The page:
PubMed: Pharmacological diversity amongst approved and emerging antiseizure medications for the treatment of developmental and epileptic encephalopathies
Ther Adv Neurol Disord. 2023 Aug 30;16:17562864231191000. doi: 10.1177/17562864231191000. eCollection 2023.
Developmental and epileptic encephalopathies (DEEs) are rare neurodevelopmental disorders characterised by early-onset and often intractable seizures and developmental delay/regression, and include Dravet syndrome and Lennox-Gastaut syndrome (LGS). Rufinamide, fenfluramine, stiripentol, cannabidiol and ganaxolone are antiseizure medications (ASMs) with diverse mechanisms of action that have been approved for treating specific DEEs. Rufinamide is thought to suppress neuronal hyperexcitability by preventing the functional recycling of voltage-gated sodium channels from the inactivated to resting state. It is licensed for adjunctive treatment of seizures associated with LGS. Fenfluramine increases extracellular serotonin levels and may reduce seizures via activation of specific serotonin receptors and positive modulation of the sigma-1 receptor. Fenfluramine is licensed for adjunctive treatment of seizures associated with Dravet syndrome and LGS. Stiripentol is a positive allosteric modulator of type-A gamma-aminobutyric acid (GABAA) receptors. As a broad-spectrum inhibitor of cytochrome P450 enzymes, its antiseizure effects may additionally arise through pharmacokinetic interactions with co-administered ASMs. Stiripentol is licensed for treating seizures associated with Dravet syndrome in patients taking clobazam and/or valproate. The mechanism(s) of action of cannabidiol remains largely unclear although multiple targets have been proposed, including transient receptor potential vanilloid 1, G protein-coupled receptor 55 and equilibrative nucleoside transporter 1. Cannabidiol is licensed as adjunctive treatment in conjunction with clobazam for seizures associated with Dravet syndrome and LGS, and as adjunctive treatment of seizures associated with tuberous sclerosis complex. Like stiripentol, ganaxolone is a positive allosteric modulator at GABAA receptors. It has recently been licensed in the USA for the treatment of seizures associated with cyclin-dependent kinase-like 5 deficiency disorder. Greater understanding of the causes of DEEs has driven research into the potential use of other novel and repurposed agents. Putative ASMs currently in clinical development for use in DEEs include soticlestat, carisbamate, verapamil, radiprodil, clemizole and lorcaserin.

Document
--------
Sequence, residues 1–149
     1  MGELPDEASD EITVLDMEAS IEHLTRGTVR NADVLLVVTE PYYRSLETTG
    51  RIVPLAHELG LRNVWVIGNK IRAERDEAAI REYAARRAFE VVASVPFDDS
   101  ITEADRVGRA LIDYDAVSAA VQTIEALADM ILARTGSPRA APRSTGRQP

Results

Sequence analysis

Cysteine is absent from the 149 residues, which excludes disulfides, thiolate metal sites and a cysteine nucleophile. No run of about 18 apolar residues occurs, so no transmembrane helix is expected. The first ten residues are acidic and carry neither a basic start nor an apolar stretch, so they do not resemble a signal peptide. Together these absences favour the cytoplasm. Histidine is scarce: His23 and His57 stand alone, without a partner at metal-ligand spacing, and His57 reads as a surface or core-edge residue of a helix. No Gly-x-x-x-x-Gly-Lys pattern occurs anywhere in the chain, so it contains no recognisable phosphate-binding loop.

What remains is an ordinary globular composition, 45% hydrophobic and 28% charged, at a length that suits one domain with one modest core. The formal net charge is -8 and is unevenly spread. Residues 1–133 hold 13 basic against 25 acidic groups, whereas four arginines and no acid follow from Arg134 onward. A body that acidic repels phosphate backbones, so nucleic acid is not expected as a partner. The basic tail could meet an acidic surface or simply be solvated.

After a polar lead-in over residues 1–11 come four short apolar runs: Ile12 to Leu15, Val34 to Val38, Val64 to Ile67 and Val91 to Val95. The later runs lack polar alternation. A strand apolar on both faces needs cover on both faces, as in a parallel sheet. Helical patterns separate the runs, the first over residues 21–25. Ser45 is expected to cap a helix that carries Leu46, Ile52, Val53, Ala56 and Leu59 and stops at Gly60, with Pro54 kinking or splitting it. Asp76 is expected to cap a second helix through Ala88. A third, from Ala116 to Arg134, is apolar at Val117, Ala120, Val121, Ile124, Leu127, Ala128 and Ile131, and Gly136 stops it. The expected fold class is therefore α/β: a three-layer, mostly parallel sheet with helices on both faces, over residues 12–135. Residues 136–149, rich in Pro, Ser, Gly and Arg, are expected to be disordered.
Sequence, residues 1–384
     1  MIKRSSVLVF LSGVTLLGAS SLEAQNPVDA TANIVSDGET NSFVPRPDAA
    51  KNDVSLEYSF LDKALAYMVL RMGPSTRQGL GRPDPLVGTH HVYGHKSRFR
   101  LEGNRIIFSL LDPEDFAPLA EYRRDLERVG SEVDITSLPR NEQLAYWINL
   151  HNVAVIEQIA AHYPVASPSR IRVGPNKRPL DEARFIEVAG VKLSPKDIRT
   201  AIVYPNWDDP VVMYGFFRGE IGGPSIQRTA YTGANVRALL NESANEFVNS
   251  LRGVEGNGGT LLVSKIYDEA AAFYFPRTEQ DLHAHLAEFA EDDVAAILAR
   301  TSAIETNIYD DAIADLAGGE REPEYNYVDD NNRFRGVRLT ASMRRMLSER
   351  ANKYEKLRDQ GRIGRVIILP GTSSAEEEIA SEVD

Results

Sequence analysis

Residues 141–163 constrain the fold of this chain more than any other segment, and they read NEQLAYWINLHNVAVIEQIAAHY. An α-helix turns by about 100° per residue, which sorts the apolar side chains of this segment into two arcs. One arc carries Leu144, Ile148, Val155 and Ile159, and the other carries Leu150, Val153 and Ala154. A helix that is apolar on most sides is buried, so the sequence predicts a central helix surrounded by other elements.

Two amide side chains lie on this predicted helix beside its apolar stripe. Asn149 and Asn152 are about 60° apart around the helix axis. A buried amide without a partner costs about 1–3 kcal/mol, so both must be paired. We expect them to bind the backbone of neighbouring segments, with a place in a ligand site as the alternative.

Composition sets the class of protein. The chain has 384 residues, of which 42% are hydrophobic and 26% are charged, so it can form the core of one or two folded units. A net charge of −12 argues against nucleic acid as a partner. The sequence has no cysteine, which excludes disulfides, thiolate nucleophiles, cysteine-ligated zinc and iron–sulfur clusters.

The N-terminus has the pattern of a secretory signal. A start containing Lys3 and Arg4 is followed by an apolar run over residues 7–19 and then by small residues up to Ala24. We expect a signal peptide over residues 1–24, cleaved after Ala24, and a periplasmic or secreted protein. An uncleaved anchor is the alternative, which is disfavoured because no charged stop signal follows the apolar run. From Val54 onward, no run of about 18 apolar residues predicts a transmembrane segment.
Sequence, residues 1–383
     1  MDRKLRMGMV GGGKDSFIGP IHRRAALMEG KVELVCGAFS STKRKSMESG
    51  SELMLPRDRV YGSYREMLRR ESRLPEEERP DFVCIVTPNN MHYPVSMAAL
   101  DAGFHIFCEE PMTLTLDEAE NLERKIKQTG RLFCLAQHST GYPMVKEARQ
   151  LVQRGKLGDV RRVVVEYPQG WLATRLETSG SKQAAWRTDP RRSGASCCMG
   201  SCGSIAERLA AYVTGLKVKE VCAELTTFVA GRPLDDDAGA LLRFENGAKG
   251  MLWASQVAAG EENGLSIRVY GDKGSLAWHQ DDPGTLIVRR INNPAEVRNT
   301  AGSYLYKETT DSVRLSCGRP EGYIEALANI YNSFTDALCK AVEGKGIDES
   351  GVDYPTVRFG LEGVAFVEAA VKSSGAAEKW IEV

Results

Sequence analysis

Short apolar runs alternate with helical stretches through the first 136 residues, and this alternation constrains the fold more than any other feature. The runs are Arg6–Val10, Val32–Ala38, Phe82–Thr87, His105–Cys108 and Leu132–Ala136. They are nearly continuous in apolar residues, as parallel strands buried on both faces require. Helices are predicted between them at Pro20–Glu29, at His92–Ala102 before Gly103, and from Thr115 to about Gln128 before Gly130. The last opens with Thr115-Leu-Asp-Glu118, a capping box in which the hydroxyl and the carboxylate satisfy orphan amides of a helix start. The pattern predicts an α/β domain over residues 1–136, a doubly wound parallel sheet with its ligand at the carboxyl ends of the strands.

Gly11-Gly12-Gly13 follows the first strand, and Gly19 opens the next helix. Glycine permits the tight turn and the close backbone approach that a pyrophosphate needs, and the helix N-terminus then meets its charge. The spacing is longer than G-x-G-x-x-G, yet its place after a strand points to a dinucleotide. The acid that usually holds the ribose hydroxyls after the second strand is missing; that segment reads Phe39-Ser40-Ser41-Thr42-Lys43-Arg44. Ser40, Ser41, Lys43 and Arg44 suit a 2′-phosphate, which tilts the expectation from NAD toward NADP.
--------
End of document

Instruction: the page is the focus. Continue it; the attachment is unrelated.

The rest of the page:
https://pubmed.ncbi.nlm.nih.gov/37655228/?utm_source=Chrome&utm_medium=rss&utm_campaign=pubmed-2&utm_content=1NqsX9BbHlDygQ8TcgAlJilHgPpiuKQtyIr–a3-xbLzPoB9xM&fc=20220928170152&ff=20230901190622&v=2.17.9.post6+86293ac September 1, 2023 10:00 am